90104 eLearning and the Budget

The Sunday Arizona Republic has two different but complementary articles. “State Treasurer Dean Martin: Arizona may run out of money in February” on the front page has some interesting numbers. Arizona’s daily “burn-rate” is $28.7 million per day. To balance the 2008-2009 budget the rate must be $17.4 million per day. The March payment of $600 million to K-12 education is in jeopardy.

Ioanna Morfessis’ article “In for the Long Hall” (Viewpoints) addresses why some state economies flourish and others fail. She features an initiative I founded with a task force in 1988 as president/founder of the Enterprise Network. Our design and advocacy resulted in the Arizona Strategic Plan for Economic Development. Its major innovation was invention and implementation of the economic cluster concept. ASPED delivered a radical blueprint to free Arizona from dependence on its one-industry-dominance by construction. During this period (late 1980’s-early 1990’s) we were in a similar savings and loan – real estate meltdown. ASPED was adopted to break out of this cycle.

Unfortunately there was a lack of continuity from governor to governor. Arizona squandered this opportunity. Twenty years later we are once again in a real estate melt down with a per-capita budget deficit that is the highest in the nation. Fortunately Arizona’s efforts from 20 years ago may provide a pathway to a disruptively innovative new solution.

An idea emerged from the dozens of ASPED focus groups and meetings that engaged 3000 Arizonans. This idea did not fit any of the standard industry or economic foundation categories. The concept was that process transformation by technology could significantly improve K-12 education as it had the other identified industry economic clusters. A small task team formed and called itself Learning/Research/Enterprise Inc. Sixteen years and several iterations later this intrepid team created the Greater Arizona eLearning Assoc. (GAZEL) in 2001 and eSATS in 2004. Meanwhile the Arizona eLearning enterprise cluster grew to $3+ billion in revenues.

K-12 education is supported by over 50% of the state budget. With all the “budget gimmicks” used up, it is expected that many hundreds of $millions will have to be cut from K-12 education this fiscal year. Fiscal year 2009-2010 looks now better. I am finding that it has been quiet at the legislature. Educational advocacy groups are waiting for legislative proposals and the Legislature is waiting for our next governor to be installed. The Arizona legislature convenes on January 12th. I can find no indication that the tough solution for the next six months has been crafted, let alone a strategic solution to smooth out these cycles.

I posit that Arizona is on a cusp where a nudge will send Arizona into one of a wide range of economic futures. The normal political process works reasonably well for critical short range single issues. But it is not well suited for the current complex long range set of issues. I suggest we use a strategic process that capitalizes on assessment, innovation and rational design.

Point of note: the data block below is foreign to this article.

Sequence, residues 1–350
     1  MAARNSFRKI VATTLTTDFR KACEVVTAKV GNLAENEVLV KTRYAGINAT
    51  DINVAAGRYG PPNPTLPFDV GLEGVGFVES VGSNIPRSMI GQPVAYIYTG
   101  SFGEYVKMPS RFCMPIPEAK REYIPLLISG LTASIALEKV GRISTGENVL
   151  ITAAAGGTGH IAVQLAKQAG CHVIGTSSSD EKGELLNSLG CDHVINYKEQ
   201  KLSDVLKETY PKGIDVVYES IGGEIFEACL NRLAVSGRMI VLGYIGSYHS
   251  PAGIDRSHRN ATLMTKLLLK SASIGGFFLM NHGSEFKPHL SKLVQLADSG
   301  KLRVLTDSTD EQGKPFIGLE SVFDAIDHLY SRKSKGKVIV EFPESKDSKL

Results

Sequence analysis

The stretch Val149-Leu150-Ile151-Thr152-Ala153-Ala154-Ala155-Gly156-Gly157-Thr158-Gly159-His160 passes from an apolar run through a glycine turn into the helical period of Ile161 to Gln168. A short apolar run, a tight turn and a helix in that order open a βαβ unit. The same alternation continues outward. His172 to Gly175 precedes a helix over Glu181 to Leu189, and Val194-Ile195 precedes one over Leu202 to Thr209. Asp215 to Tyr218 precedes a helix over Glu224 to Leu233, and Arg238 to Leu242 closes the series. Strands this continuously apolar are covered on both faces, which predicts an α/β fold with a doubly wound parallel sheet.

We have three unique organizations in Arizona that have the wisdom and talent to design a budget solution in the best interests of all Arizonans:

P20 Council with Arizona leaders and experts across business, education and governance. They have three years of experience studying a wide and deep set of P20 education issues and have formulated recommendations for implementation in many critical areas.

ABEC – Arizona Business Education Coalition a group of organizations has had significant success with implementing programs and legislation to improve Arizona K-12 education. Financial reform is their top priority and they are finishing their plan to take on this enormous multi-year undertaking.

AZeLTF – Arizona eLearning Task Forces was formed by the legislature and governor’s office to make recommendations on how to transform K-12 education by addressing all aspects of the eLearning system. They have worked hard over the past two years assessing the practical effects and means to implement online, virtual, hybrid and 1:1 classroom eLearning. They have also defined what is needed at the state level to support eLearning in Arizona’s public schools.

My recommendation is simple. Organize a nine member task force of three leader members from each of these organizations. This group would be tasked to deliver — by the end of January — a working draft of state budget changes that affect K-12 education from February to June 2010. Their contribution could be recommendations for funding cuts and reallocations. The reallocations will be to rapidly implement eLearning solutions to increase individual student academic performance. The eLearning increases would compensate for education losses caused by budget cuts to traditional education.

The bottom line is best described by an analogy. The Navy’s plan in 1941 was to fight the Pacific war with battleships. Pearl Harbor changed everything, and they had to accelerate their adoption of an emerging technology – aviation. With heroic effects, they caused the tide of war to turn in our favor in just 6 months. We have only 5 months. Let’s get with it.


One Response to “90104 eLearning and the Budget”

  1. Mr WordPress Says:

    Hi, this is a comment.
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